A few years ago, a man showed me a place. I didn’t know what to expect; we knew each other well enough, as these things go, but I could not guess what he might want me to see. We drove for an hour or so, quiet almost all the way, because I was afraid to say something that might sound stupid. And then we crested a hill, and this valley opened out—all steep sides and soft grass, with sheep grazing in it, and a little river running through it, and some half-hidden stone houses—and I have never felt so much as though someone were tossing me a gift. How can I explain it? I had probably said, in passing, that I liked this sort of thing: open hillsides, swift water, that feeling of being both outdoors and within a space as structured, in its own way, as a great cathedral. But to be taken to such a place, almost without explanation, by someone who also loved it… It was as though a friend, pawing through clothes to take to charity, had found a ballgown and handed it to me.

There is something of sex and something of death in this obsession, I’m well aware. The giving of precious things doesn’t have to happen in bed—or at least not always—and the bestowing of a beloved prospect is an act of trust, as much as taking off your clothes is. The love of a place is intensely bound up with a sense both of freedom and of safety. Love itself is the mixing of those things: a beloved person is one with whom I feel both free and safe. And where I feel free and safe, I feel I could die with perfect happiness. In every place I’ve loved, at some point I have had the same compulsion—whether I act on it or not—to lie down on the ground, to try to melt and mingle into the earth. To consummate, or be consumed. Sex and death. Would it be so bad? Like Wordsworth’s Lucy: “roll’d round in earth’s diurnal course,/With rocks, and stones, and trees.”

I am still a young woman, still seeking a future. Maybe, every time, it is simply a way of posing a question, an idle curiosity that is also—as all questions are—a test. Will you come away?

Fireside Chats With a Bookseller, II

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image credit: Heywood Hill

“Can you get it today?”

There are a lot of reasons to find Amazon unappealing. I know that they have done some valuable work in the sense that they provide a much bigger platform for self-published authors, and even through a veil of retained snobbery, I can recognise that that’s a good thing for a lot of people. It’s pretty clear, though, that they also engage in deeply unsavoury business practices (the Hachette price wars); depressing – though evidently unsuccessful – attempts to break into bricks-and-mortar bookselling; and services like Mechanical Turk, which lets you hire humans to do jobs that computers can’t do, which sounds great until you actually try to sign up for it as a worker, at which point you realise that the tasks are generally painfully menial, you have no way to negotiate with prospective employers, and you’d have to do six hundred of these tasks per day in order to make anything like a decent wage.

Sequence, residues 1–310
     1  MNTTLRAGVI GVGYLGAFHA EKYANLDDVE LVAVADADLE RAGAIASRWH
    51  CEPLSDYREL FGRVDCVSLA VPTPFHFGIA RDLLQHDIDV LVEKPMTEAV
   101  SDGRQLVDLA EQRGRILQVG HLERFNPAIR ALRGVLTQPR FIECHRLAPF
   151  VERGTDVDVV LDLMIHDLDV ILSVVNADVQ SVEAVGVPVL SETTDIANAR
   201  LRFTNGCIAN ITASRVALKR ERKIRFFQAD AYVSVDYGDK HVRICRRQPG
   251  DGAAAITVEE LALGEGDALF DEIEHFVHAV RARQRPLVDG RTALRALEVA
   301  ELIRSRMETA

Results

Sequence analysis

They contribute, in other words, to the service economy that we now have, which convinces consumers that anything, any commodity that you can possibly imagine, should be available to you within two hours. Services like Quiqup, Deliveroo and Uber are entirely reliant on this. Amazon drone delivery is a service designed with this in mind. It fosters the idea that you should never have to wait for anything, ever, if you can afford not to.

These are companies that are built on hundreds of thousands of backs, mostly belonging to people who provide unskilled and low-paid labour. It is the only way this particular business model works; the only way that you can get a pizza, or a pair of shoes, physically delivered to you in under an hour is to have an army of people standing by, just waiting for you to order it.

Small, independent businesses do not work like that, and so it always baffles me when a customer – piqued that we cannot, in fact, special-order something for delivery in under an hour – chooses to vent their distress by informing us that they “only shop here to support small businesses and fight Amazon.” You cannot support a small business if you expect it to be doing what Amazon does. If you support a small business, you have to understand what you are sacrificing, and what you will receive in return. As a consumer, you sacrifice a lot of your power: you can only walk out of a small business with whatever is on the shelf at the time; if you order something, you will need to wait – probably no more than 24 hours, because deliveries happen once a day, but waiting is an anomaly for consumers now.